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Saturday, April 08, 2017

Maya Angelo

In my mostly white community in western Pennsylvania I don’t get to experience a lot of diversity. All I know about black people is what I see on television  and some vague memories of my grandparents’ attitudes in rural Georgia. I’ve never had a black friend or been exposed to black culture. I am not at all prejudice for how can you be against something you don’t know anything about? For me blackness is just like being more tan. Color doesn’t matter. I lived through the civil rights movement but felt very isolated from all that was happening in cities.



   I think Oprah was the first black woman who had any effect on my life at all. I sucked up her wisdom like lemonade through a straw. She was down to earth and so caring about the people she had on her show that everyday I made it a point to tune into the Oprah show on television. She had a profound influence on the way I thought about black people. (I am sorry not to be politically correct by calling them African Americans but I don’t think of black as an insult but a source of pride.) It was from her that I first encountered Maya Angelo. She was Oprah’s mentor and seemed like the wisest woman I had ever seen. When I read about her and her accomplishments I knew that we need people like that on this Earth.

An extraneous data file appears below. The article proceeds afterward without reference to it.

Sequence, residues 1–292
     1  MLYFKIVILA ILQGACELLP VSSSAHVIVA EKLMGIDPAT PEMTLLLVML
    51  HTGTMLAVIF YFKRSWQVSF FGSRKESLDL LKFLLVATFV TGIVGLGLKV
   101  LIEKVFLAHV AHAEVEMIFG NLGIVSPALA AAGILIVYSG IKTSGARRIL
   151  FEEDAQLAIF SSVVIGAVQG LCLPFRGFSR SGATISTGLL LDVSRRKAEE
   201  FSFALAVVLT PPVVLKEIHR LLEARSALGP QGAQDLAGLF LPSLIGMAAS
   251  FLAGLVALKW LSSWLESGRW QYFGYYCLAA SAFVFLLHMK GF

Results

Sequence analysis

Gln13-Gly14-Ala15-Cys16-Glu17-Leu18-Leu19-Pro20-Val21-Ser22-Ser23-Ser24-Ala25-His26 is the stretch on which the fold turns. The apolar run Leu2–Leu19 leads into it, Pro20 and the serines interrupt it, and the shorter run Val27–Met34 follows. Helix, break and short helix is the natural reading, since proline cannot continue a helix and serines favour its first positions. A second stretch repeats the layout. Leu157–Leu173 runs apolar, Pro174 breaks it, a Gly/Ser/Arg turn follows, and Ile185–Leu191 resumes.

She could laugh at herself and my favorite quote from her is:

”Do the best until you know better. Then when you know better, do better.”



  1. So glad you posted this. A world without Maya here is just not the same but she had such an influence on so many of us that it surely must be a better world than before.

    She was such a beautiful lady in every meaning of the word but I never realized what an amazingly gifted woman she was until I recently read her I Know Why The Caged Bird Sings.

    I'm so thankful for her life.

  2. my first introduction to her was in reading her autobiography 'I know why the caged bird sings.'
    she had a presence about her that was so unique. she just got better with age. her loss brought tears to my eyes.
    i got to know many blacks (i like what you say about black as a point of pride) when i worked at the large convention center and hotel. several became close friends. i was invited to their homes on some holidays. so much fun! and much laughter! they were simply my co~workers and we cared for each other.
    maybe someday it will all come 'round right.

  3. I would really be happy if we no longer labeled anyone...we are "HUMAN BEINGS" "WE ARE ALL CREATED AS ONE". If only, this can happen...soon. Instead of a black, Hispanic, white, Muslims, Asians did such and such...just say either their name or simple "this person...

  4. Ahh! This is where my internet went down the other night. Maya Angelou is one of my heroines. One of my favorite quotes of hers (well I guess I DO have favorite quotes) is: “I did then what I knew how to do. Now that I know better, I do better.” This quote gives me great comfort, and I continue to have lots of room for improvement!


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